We are enmeshed in a system that has reached a maturity in disgraceful exploitation such that it is far too late to do anything incremental about it, as is now being attempted. Estimates of cost savings from prevention are pixie dust layered on wishful thinking by self help gurus, and then exploited by interests vested in obscuring the real source of the medical cost explosion. Prevention will never come close to reducing the cost of American health care to that which is enjoyed in the more fiscally sober societies of Europe with their single payer variant systems.
If prevention is a remedy for escalating costs, then how is curtailing the best possible prevention, out of pocket cost free access, consistent with promoting prevention as a cost containment? It makes no sense except for as yet another rotting red herring heaped on the health care miasma.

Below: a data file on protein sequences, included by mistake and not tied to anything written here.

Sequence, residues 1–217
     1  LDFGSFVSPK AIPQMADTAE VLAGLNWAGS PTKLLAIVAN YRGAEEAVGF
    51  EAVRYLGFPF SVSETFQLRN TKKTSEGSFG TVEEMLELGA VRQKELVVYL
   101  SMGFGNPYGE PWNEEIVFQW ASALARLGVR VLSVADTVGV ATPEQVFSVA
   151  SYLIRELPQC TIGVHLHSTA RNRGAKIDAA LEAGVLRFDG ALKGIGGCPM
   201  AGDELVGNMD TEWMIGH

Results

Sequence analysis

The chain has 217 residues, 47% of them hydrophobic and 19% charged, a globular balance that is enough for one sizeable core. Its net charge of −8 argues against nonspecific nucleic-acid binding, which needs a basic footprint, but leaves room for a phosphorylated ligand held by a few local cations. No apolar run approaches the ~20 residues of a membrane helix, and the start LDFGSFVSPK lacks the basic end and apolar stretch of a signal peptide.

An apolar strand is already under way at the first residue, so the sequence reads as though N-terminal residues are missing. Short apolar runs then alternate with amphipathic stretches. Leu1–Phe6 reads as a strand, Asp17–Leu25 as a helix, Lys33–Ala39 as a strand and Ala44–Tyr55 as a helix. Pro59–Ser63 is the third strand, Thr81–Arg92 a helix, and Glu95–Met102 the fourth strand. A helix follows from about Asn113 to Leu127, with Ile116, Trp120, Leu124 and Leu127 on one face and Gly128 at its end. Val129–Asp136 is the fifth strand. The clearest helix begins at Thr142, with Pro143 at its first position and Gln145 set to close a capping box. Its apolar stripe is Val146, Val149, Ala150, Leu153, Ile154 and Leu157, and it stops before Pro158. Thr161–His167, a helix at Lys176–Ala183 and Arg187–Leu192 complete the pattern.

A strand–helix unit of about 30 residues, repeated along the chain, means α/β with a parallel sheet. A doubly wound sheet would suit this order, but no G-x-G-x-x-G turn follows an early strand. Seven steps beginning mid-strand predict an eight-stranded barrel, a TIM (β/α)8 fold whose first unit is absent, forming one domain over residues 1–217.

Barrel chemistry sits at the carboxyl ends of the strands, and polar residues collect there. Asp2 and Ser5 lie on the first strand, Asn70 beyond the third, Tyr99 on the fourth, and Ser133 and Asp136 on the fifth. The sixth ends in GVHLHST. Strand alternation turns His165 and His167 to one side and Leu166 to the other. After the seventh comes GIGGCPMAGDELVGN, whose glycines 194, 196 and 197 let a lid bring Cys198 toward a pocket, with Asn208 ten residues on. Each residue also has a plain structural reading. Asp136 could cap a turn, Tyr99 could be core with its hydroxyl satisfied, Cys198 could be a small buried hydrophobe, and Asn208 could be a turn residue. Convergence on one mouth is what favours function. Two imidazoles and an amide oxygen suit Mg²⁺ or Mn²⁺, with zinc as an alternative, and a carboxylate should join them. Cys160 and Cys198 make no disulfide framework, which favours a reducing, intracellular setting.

"Cadillac Plans" are paid for by private interests and are no burden on society except in the sense that they are a capitulation to the voracious appetite of the health care industry for "profit". They are partially subsidized by tax writeoffs. Had the monetary benefit of them been in cash instead of the indirect benefit of a higher level of health care access, the costs to a company providing them would be the same, but the tax bill of the employees receiving that cash would be higher. If an employee in a high paying union job that commanded the benefit of a "Cadillac Plan" received an extra $8,000 a year instead of a "Cadillac Plan," his/her taxes might be $3,000 more. So it is closing a tax loophole on labor and not industry, and a laborers' hand is the hand into which we most desperately need to put money in a "Great Recession."